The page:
Kim, headstrong as ever, continued the tumultuous relationship much to the chagrin of her father, in particular.

"She was 42 years old.  She'll be a baby to us, I don't care how old I get.. or she [had] gotten. She's still our baby," Joe says.

As Kim and James constantly fought, Kim's mother would always worry.  She would drive up to James' home to pick up her daughter, not knowing what to expect.

The last time she saw her daughter was July 5, 2009.

That would be the last time anyone saw Kim alive, including James Rappa. He was the last person to come into contact with her before she went missing.

Detective Federico is handling Kim's case.  He talked with us about Rappa, "He knew Kim very well. Apparently they were very close. So again, at this point, he is a person of interest, so to speak."

In the beginning, Rappa was cooperative.

He let deputies conduct a search warrant of his home with the use of K-9's.  He stood there patiently and answered all of their questions.

As the investigation went on, he became less and less willing to talk.  In fact, he refused to take a lie detector test.

So, did James Rappa kill Kim O'Connell?

Detectives say he is a person of interest at this time.  Again, he was the last person to see her alive.  Kim's parents feel strongly that he knows something and for whatever reason, will not talk about it.

"If someone knows something about it, I appeal to their compassion. I appeal to them, please, just give us peace of mind. Help us find her," Joe says.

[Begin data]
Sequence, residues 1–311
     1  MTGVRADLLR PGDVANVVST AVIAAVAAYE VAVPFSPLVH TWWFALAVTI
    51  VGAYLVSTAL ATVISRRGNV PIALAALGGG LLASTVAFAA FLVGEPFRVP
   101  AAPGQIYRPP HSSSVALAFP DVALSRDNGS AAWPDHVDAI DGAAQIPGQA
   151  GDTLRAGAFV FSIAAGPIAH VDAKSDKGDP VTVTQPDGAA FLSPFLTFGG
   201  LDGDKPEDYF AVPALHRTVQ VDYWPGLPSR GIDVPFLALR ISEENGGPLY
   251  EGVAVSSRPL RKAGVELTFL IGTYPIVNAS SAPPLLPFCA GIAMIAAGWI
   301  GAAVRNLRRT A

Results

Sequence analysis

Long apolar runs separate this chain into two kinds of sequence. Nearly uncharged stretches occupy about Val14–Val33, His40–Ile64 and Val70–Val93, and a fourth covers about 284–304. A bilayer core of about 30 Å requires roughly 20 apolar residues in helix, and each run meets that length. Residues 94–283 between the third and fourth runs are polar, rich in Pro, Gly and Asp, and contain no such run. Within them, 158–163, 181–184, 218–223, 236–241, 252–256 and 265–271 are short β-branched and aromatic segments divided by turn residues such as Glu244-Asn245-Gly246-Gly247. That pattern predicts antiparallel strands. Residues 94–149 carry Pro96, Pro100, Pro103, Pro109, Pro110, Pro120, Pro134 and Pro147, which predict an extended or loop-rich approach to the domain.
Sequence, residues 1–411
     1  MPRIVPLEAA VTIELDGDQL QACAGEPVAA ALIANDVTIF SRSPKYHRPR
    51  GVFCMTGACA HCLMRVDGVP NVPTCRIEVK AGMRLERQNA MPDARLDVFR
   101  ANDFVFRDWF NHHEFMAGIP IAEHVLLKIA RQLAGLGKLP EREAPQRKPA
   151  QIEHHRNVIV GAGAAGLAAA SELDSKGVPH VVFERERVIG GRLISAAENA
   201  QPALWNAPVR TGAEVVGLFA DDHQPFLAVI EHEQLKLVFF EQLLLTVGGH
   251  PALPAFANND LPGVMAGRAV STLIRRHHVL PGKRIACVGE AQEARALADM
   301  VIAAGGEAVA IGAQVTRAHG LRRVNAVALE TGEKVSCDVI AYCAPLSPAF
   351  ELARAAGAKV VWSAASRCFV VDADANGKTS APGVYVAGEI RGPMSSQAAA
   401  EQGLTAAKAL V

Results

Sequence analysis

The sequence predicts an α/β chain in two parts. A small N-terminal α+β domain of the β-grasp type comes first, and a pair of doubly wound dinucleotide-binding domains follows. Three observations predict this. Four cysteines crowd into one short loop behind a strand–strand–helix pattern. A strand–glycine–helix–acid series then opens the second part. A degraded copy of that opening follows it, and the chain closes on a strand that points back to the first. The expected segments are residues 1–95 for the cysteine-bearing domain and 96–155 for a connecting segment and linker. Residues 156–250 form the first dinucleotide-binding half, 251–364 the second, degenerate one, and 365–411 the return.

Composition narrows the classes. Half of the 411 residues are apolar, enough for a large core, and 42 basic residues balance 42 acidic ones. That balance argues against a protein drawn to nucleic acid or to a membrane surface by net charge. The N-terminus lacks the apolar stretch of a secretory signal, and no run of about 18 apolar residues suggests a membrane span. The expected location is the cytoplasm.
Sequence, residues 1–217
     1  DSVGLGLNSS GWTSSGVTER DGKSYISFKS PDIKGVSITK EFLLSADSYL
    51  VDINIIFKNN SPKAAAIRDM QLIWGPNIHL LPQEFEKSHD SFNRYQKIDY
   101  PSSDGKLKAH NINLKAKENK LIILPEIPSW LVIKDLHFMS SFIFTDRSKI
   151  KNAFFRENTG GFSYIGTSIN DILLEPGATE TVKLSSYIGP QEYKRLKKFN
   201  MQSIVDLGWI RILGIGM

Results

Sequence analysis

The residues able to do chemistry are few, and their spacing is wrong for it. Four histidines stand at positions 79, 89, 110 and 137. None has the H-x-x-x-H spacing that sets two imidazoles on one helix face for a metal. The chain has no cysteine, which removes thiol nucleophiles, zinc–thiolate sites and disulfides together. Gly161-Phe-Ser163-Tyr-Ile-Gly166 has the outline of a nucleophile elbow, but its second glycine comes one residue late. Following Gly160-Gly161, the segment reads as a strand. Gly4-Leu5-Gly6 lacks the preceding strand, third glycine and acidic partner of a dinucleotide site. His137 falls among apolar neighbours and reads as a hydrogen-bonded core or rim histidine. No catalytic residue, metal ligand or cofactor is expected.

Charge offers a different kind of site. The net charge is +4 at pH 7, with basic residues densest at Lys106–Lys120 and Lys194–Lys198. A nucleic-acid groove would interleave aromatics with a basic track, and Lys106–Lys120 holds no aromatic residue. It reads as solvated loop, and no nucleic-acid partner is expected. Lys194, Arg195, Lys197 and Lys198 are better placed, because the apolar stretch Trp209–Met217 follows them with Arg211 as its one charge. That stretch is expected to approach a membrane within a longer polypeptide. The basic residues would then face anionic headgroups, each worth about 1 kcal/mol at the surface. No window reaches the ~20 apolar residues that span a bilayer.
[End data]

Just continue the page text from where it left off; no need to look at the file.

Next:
10 Connects went by James Rappa's home in Hudson to speak with him about the case. He came out of his home, yelling at our crew to leave.

We managed to get in several questions before we left. "Do you know what happened to Kim O'Connell? Do you?"

He answered over his shoulder as he walked inside his home, "I wish I did. I love her and miss her."

Kim hasn't been seen in months, which is highly unusual, since she had such a close connection to her family and her 16-year-old son.

Detective Federico says, "[The] family feels it's very unusual for her to just disappear to have contact with them completely."

He added, "As a detective, I have to have an open mind... and I have to explore all the options."

Options that, sadly, include the worst case scenario.

"It probably doesn't look great because it's been such a long period of time," he says.

Meanwhile, Joe is doing everything he can to feel like he's contributing to the investigation, including combing the woods in Pasco County for nearly an entire year.

"I was eaten alive by mosquitoes, crying, fearing the worst. You wouldn't believe what's back in those woods. Was my daughter there? I kept looking for her," he cried.

Then, there were the days he took a hook and dragged it along the bottom of Pasco canals, desperate to find her, but terrified at the possibility of what he might drag up from the bottom in the murky waters.

"Walking in those woods for an entire year every day, in heat, bitten up like you wouldn't believe, swimming in canals, snakes flying by you," Joe explains.

Joe, Laraine and Desi talk about their sleepless nights and their desire for one thing and one thing only - giving their beloved Kim a proper burial with the sacrament in the Catholic Church.

"I can't sleep. It's impossible to rest your mind over this. [It's] on your mind 24 hours a day," Joe tells us.  "We just want to find her."

If you know what happened to Kim Marie O'Connell, please call Crime Stoppers of Tampa Bay at 1-800-873-TIPS.

You could get a reward of up to $1,000 for your information, and you never have to leave your name.

Melanie Brooks, 10 Connects